Next, CAF-64 cells were transfected with either DNMT1 siRNA (3 variants A, B and C) or a scrambled sequence that was used as control. Figure 5A shows that DNMT1-siC caused the most significant reduction in the expression of both DNMT1 and α-SMA mRNAs. DNMT1 protein level declined 8 fold in the DNMT1-siRNA-C treated cells (CAF64-si) compared to controls (CAF64-c) (Figure 5B). Interestingly, DNMT1 knock-down did not affect cell cycle distribution of cells (Supplementary Figure 1). Moreover, DNMT1 down-regulation reduced the protein level of α-SMA, SDF-1, TGF-β1, and IL-6, and inhibited the JAK2/STAT3 pathway (Figure 5B). However, p16, p21 and p53 levels were markedly upregulated upon DNMT1 knockdown in CAF-64 (Figure 5B). Similar effect was obtained at their mRNA levels (Supplementary Figure 3). In addition, ELISA showed that DNMT1-downregulation reduced the secretion of IL-6, SDF-1 and TGF-β1 (Figure 5C). Figure 5D shows that CAF64-c cells exhibited higher migration, invasion and proliferation abilities than CAF64-si cells. Moreover, CAF64-si cells expressed low levels of Akt/P-Akt and Erk1/2/P-Erk1/2 compared to CAF64-c cells (Figure 5E). This indicates that DNMT1 knockdown restrains the secretion of several cancer-promoting proteins and inhibits the migration/invasion/proliferation abilities of BSFs.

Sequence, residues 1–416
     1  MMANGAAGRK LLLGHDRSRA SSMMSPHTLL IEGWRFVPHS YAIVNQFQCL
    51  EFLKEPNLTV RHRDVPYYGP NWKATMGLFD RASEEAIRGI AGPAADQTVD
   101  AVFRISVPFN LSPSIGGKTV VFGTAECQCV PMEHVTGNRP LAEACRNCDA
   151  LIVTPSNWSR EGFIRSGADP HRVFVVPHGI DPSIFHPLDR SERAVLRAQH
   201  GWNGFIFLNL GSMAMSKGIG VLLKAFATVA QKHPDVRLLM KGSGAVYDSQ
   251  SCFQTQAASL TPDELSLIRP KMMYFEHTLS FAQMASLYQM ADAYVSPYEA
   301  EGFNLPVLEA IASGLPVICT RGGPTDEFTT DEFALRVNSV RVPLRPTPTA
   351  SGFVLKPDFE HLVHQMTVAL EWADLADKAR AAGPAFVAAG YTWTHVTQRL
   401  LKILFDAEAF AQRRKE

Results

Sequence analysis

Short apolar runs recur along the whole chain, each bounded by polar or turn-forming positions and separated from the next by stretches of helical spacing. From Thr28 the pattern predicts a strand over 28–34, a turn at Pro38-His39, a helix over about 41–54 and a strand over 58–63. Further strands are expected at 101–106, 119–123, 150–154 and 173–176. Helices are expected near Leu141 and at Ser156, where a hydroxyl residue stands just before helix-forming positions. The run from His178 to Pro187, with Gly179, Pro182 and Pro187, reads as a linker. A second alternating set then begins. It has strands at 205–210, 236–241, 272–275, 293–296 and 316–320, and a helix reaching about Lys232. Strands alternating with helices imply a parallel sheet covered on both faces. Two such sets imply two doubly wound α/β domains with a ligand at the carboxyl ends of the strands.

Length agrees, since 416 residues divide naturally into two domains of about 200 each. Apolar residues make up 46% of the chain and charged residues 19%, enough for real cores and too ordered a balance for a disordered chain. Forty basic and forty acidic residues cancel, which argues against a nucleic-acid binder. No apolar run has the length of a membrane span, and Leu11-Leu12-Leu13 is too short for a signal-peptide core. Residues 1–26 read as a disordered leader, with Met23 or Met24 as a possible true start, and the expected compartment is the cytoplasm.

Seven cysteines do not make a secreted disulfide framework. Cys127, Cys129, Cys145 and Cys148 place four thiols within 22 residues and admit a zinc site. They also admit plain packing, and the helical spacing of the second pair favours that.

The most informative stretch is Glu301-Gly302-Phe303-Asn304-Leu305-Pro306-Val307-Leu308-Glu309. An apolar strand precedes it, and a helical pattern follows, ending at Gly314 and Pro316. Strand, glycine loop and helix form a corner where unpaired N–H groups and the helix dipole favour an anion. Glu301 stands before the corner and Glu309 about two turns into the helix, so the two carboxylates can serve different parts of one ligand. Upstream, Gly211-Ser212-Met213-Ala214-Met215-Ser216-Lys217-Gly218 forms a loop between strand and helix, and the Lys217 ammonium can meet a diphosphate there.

Figure 5: DNMT1 downregulation suppresses myofibroblasts. CAF-64 cells were transfected with 3 different DNMT1-siRNA sequences (A), (B) and (C) (CAF64-si) and a scrambled sequence was used as control (CAF64-c). (A) Total RNA was extracted and used for qRT-PCR. Error bars represent mean ± S.D. (B) and (E) Whole-cell lysates were prepared from CAF64si and CAF64-c, and then were used for immunoblotting analysis using specific antibodies against the indicated proteins. (C) SFCM from the indicated cells were collected after 24 h and the levels of the indicated proteins were determined by ELISA and were presented in the respective histograms. Error bars indicate mean ± S.D (n=3). *, P<0.05. (D) Exponentially growing cells were seeded, and cell invasion, migration and proliferation were assessed using the RTCA-DP xCELLigence System. Data are representative of different experiments performed in triplicate. (F) MDA-MB-231 cells were seeded in the presence of SFCM from CAF64-si (CAF64-si-SFCM) or CAF64-c (CAF64-c-SFCM) cells, and then the migration, invasion and proliferation abilities were assessed by the real time RTCA-DP xCELLigence System. Data are representative of different experiments performed in triplicate. (G) Whole cell lysates were prepared from MDA-MB-231 cells treated as indicated and were used for immunoblotting using the indicated antibodies.